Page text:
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The false dichotomy

If we watch the mainstream media, we are completely led astray. The above clip is one of the best examples that I’ve seen in a little while. The new census/poverty numbers came out yesterday. It should be no surprise to anyone that poverty increased in this country. The increase in poverty is a result of multiple different factors, not the least of which is our ongoing recession (technically it’s an economic slowdown , but it feels like a recession to me). Because of an unemployment rate of 9.1% and the huge burden of chronic unemployment, the number of Americans who are uninsured in the United States has risen to approximately 50 million.

CBS, in their infinite wisdom, decided talk about healthcare reform with Sen. Orrin Hatch, who believes that health care reform should be addressed by the states, and Sen. Bernie Sanders, who believes that we should have a single-payer system. They approach the subject as if there are only two sides to the story. CBS does not give you the prerequisite background about the healthcare reform debate and subsequent legislation’s getting derailed early and never really getting back on track. The final piece of legislation was a watered-down piece of used tissue, little more than insurance reform.

There are several things to fault about this piece but I’ll focus on the fact that the moderator never asked Sen. Hatch how states that are strapped for cash can take on the additional burden of healthcare. That would seem to be a simple question which would directly address Sen. Hatch’s “plan.” A second and follow-up question, which was never asked, would be whether or not you should have the same benefits if you moved from one state to another. Why should moving from Texas to North Carolina change what is covered? If the answer is that your healthcare benefits should not change and your healthcare benefits should be able to move with you anywhere throughout these wonderful 50 United States, then the state solution is not possible. This is a simple nonconfrontational question which could easily been asked and then we could have seen how Sen. Hatch answered it.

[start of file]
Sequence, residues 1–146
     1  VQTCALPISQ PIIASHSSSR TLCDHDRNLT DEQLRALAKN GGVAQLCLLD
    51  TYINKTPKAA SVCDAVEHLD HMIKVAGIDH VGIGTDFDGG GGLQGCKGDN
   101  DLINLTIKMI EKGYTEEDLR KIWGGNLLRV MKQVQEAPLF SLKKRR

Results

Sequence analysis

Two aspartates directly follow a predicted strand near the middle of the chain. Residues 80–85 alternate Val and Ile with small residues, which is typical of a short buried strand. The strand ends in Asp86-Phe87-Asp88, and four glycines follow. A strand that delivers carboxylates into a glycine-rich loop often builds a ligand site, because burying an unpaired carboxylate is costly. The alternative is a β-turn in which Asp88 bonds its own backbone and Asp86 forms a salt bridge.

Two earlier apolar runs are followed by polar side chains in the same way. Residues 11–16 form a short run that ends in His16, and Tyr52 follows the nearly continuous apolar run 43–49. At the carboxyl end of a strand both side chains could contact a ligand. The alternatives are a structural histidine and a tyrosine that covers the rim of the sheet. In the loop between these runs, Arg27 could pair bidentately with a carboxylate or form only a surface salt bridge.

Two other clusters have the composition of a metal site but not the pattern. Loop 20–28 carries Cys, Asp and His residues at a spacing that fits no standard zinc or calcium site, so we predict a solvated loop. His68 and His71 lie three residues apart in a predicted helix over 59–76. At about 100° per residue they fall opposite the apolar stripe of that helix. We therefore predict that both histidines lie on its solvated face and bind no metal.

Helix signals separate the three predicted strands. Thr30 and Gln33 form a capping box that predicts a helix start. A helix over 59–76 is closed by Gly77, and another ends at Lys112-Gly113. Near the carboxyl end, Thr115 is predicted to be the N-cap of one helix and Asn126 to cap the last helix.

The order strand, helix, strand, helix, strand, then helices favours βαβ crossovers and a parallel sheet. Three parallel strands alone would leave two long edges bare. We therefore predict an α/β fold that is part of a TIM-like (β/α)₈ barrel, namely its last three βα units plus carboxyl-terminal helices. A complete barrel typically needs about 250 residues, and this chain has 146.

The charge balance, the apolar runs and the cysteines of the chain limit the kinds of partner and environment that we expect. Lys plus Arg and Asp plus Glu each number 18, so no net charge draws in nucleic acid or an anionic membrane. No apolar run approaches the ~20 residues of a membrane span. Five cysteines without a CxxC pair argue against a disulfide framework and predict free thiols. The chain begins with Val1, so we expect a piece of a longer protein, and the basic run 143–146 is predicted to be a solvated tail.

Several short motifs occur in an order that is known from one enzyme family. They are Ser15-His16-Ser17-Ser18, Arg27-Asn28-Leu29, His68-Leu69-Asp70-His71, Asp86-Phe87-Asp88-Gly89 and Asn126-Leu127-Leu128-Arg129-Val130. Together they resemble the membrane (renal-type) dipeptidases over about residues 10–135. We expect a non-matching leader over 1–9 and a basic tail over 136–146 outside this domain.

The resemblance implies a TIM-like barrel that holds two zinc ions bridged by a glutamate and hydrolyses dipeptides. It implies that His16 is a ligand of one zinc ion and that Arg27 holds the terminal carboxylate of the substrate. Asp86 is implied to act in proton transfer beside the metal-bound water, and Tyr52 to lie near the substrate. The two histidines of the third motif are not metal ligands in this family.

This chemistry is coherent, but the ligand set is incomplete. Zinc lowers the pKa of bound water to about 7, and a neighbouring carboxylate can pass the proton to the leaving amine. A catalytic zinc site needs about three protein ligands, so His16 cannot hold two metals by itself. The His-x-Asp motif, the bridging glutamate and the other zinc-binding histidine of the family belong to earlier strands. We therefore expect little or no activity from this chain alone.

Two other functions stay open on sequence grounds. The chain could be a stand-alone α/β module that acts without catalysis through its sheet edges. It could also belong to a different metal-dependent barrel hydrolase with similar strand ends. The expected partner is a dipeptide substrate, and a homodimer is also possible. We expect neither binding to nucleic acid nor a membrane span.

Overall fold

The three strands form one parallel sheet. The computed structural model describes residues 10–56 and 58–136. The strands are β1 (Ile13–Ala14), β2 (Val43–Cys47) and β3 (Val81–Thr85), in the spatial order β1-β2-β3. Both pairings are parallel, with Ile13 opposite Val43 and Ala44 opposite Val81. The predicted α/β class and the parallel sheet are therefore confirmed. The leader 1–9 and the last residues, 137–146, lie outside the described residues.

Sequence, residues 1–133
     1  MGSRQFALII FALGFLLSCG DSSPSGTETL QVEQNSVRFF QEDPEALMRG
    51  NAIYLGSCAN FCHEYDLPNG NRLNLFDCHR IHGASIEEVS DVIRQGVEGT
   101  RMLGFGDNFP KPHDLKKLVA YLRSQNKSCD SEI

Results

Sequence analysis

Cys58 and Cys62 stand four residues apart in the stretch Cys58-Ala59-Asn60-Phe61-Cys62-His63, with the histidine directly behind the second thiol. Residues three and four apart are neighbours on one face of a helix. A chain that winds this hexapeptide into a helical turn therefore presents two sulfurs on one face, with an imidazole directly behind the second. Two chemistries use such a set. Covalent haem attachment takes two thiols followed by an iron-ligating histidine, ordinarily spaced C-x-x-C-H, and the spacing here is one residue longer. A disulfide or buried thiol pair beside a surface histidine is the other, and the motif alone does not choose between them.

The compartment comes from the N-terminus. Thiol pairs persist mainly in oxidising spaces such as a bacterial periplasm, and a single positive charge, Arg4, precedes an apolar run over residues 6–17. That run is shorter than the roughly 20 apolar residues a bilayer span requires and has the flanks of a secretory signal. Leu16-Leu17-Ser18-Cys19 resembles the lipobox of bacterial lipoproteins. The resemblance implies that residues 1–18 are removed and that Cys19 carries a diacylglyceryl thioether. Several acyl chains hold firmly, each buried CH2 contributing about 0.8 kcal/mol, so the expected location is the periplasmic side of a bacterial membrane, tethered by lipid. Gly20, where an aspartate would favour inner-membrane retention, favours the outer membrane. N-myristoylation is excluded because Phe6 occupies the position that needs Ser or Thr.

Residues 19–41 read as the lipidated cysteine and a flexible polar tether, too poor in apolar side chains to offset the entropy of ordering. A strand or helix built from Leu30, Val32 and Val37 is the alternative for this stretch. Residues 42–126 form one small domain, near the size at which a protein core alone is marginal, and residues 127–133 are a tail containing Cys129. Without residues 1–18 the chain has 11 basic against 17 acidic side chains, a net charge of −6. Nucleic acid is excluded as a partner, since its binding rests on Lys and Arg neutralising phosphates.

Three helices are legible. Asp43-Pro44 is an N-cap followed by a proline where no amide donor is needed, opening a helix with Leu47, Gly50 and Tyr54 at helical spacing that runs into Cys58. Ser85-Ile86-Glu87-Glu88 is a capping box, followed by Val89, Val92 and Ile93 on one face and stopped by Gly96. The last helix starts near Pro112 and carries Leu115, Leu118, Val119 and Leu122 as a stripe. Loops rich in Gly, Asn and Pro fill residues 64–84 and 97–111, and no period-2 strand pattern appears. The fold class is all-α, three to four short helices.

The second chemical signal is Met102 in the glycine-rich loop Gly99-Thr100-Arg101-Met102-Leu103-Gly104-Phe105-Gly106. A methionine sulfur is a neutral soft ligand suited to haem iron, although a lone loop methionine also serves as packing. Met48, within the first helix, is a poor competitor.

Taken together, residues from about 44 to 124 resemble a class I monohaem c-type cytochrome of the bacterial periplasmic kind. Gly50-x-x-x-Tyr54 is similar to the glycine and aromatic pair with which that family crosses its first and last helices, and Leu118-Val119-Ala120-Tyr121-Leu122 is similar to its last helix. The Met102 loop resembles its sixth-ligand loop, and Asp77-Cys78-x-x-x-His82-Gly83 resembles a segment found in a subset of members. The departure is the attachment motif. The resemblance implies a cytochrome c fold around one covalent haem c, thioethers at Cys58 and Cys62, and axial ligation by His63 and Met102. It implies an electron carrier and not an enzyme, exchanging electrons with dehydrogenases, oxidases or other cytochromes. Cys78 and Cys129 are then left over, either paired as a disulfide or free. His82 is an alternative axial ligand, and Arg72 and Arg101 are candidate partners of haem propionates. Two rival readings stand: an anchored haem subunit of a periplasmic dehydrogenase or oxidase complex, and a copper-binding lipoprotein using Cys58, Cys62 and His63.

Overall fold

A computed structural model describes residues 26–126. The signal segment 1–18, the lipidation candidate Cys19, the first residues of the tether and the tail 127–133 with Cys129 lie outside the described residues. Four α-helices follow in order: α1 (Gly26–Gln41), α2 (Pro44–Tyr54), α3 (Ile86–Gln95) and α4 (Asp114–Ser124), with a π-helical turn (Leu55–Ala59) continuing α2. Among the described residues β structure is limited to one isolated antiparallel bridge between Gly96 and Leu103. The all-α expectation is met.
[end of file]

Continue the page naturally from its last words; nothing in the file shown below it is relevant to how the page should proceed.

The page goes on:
Finally, one of the big problems I have is over the last 20 years all of these politicians have been schooled on how to “answer” questions on TV. I’ve been to these classes. The bottom line is you don’t ever answer the question. You walk into the interview with three things that you want to say. No matter what you are asked, you ignore the question and steer the answer back to one of your three points. This is one of the major problems with politics today. Nobody directly addresses the question that is asked. Instead, the politician throws out some gobbledygook before he/she can get back to one of the three points that they want to make. This has to stop. If we are ever going to get meaningful legislation out of Washington, our state capitals or anywhere else, we’re going to have to have a meaningful debate. We can never have a meaningful debate if we are simply talking past each other and racing towards our talking points.

By |2011-09-14T11:16:58-04:00September 14th, 2011|Economy, Healthcare|Comments Off on The false dichotomy

How the health insurance industry killed health reform

From TP:

This morning, Bloomberg reporter Drew Armstrong broke an incredible story revealing that health insurance companies, like UnitedHealth and CIGNA, funneled $86.2 million into the U.S. Chamber of Commerce in 2009 to pay for the Chamber’s multifaceted campaign to kill President Obama’s health reform legislation. In January of this year, the National Journal’s Peter Stone reported that insurers had pumped $20 million into the Chamber for its anti-health reform campaign. Armstrong’s report exposes the true extent to which insurers worked to fool the public and defeat health reform. However, the report also poses new questions about the role of insurance companies in the health reform debate.